The land donated by the king for the new church and vicariate is in Awali, an area with a large expatriate population, and the location presently of a small church, shared by satellite Catholic and Anglican congregations.
The decision goes back to a mid-2008 meeting between Hamad and Pope Benedict XVI, who asked the king to allow a second Catholic church to be built in Bahrain.
Attempts to get government reaction to the opposition to the church plans were unsuccessful Monday, but Ballin told CNSNews.com that Bahrain wants to remain an open and accepting country, “ready to help everybody in his personal life, including the religious aspect.”
He said it would be wrong to welcome foreigners to work in the kingdom, but deny them the right to meet their spiritual needs.
“It is inhuman to ask from the non-Muslims only their work, necessary for the good of the country, and not to give them the possibility to refresh themselves through a regular religious practice,” Ballin said.
“If the Catholics are not helped in their religious life, there will be problems for the country and for the church,” he said.
“Catholics are human beings and every human being, if he is not helped by religion, he becomes unbalanced in every aspect of his life, even the social one,” the bishop added. “I am astonished that this very simple matter of fact is not understood by some people.”
Bahrain, home to the U.S. Navy Fifth Fleet, is about three and a half times the size of the District of Columbia, an island linked to Saudi Arabia by a causeway. About 70 percent of the population is Shi’ite and Iran – just 150 miles across the Persian Gulf – has longstanding links with, and historical territorial claims to, the tiny island nation.
In 2007 an adviser to supreme leader Ayatollah Ali Khamenei described Bahrain as a “province” of Iran whose people wanted to be governed by Tehran.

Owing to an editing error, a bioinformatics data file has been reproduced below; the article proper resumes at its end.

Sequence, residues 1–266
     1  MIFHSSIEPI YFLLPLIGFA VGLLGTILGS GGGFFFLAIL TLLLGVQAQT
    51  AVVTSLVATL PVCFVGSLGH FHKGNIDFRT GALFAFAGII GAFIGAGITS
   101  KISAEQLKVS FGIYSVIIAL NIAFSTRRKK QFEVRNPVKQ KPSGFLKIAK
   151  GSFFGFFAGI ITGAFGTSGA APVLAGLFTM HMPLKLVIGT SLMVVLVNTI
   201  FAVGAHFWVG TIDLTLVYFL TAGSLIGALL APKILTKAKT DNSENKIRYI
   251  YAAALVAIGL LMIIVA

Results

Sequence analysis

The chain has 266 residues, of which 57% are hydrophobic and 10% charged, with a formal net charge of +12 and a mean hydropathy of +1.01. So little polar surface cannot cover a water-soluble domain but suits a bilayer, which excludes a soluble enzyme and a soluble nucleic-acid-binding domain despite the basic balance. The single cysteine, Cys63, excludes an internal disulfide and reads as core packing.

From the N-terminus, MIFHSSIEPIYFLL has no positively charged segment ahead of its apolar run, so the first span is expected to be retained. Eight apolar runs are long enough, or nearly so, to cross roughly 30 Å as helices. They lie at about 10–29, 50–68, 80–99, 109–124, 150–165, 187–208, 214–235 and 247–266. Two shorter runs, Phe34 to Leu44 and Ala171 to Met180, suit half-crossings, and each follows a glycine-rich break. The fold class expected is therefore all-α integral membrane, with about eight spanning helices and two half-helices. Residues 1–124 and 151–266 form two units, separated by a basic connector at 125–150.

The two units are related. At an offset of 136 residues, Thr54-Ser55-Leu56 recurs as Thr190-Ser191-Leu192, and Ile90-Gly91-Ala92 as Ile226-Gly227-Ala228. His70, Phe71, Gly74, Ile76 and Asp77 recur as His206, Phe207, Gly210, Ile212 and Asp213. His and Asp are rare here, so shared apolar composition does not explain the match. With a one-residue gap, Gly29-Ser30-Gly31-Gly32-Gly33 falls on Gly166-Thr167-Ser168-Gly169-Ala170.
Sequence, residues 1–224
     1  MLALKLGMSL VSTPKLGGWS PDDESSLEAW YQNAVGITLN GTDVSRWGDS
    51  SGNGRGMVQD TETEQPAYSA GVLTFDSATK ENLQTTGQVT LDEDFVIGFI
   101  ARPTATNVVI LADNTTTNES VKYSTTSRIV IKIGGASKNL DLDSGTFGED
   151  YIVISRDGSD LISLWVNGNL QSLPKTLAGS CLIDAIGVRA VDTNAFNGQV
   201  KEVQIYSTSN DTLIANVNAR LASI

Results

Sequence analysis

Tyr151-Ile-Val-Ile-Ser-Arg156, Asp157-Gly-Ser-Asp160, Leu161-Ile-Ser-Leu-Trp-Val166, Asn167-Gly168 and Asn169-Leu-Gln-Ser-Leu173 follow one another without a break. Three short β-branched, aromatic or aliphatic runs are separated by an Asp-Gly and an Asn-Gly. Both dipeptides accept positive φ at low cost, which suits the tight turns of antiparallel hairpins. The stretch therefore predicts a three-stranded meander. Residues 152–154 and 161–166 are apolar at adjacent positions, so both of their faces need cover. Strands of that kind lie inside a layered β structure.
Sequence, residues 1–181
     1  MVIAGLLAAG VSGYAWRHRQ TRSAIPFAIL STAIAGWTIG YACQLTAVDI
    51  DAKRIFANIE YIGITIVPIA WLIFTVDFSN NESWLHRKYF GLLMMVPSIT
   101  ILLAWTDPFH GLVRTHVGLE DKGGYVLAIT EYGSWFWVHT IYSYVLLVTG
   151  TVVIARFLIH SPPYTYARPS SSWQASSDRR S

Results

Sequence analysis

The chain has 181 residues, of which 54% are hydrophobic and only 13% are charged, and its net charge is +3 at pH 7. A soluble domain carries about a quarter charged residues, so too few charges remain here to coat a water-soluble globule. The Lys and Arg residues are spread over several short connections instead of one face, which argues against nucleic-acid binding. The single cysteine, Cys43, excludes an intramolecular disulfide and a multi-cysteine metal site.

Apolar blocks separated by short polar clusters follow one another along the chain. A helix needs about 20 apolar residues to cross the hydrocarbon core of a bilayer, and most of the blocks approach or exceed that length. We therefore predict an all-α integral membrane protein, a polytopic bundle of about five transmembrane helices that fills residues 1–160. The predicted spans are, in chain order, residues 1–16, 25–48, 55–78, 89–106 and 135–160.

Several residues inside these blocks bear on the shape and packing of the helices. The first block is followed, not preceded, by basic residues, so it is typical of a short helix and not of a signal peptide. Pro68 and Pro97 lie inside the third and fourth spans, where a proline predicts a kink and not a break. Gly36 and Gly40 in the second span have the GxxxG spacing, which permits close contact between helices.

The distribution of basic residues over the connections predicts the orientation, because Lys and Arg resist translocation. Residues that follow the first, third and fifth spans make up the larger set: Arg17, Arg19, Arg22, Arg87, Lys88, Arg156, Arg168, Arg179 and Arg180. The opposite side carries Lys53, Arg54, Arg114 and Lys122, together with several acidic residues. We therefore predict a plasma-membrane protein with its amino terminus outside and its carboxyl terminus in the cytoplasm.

Ballin attributed the decision to relocate his seat from Kuwait to Bahrain’s geographical location, saying it was “more central and easily accessible for meetings and conferences of church officials.”
Nonetheless, Kuwait has become somewhat less hospitable to Christians this year.
Last February a Kuwaiti Islamist lawmaker, Osama al-Munawer, announced he would submit a draft law banning the building of non-Islamic places of worship, arguing that there were already too many churches in Kuwait, given the size of the Christian community.
Munawer was at first understood to be calling for existing churches to be demolished, and his stance prompted the country’s minister of Islamic affairs to say that doing so would violate the law and damage Islam’s image. The lawmaker later clarified that he only wanted to prevent additional churches from being built.
Some weeks later, a Kuwaiti delegation visiting Saudi Arabia sought the guidance of the top Saudi cleric on the matter.
Saudi grand mufti, Sheikh Abdul Aziz Al-Asheikh, told the Kuwaitis that all churches in the Arabian Peninsula should be destroyed. He cited a hadith – a saying or tradition of Mohammed – saying Islam’s seventh century prophet had said on his deathbed, “There are not to be two religions in the [Arabian] Peninsula.”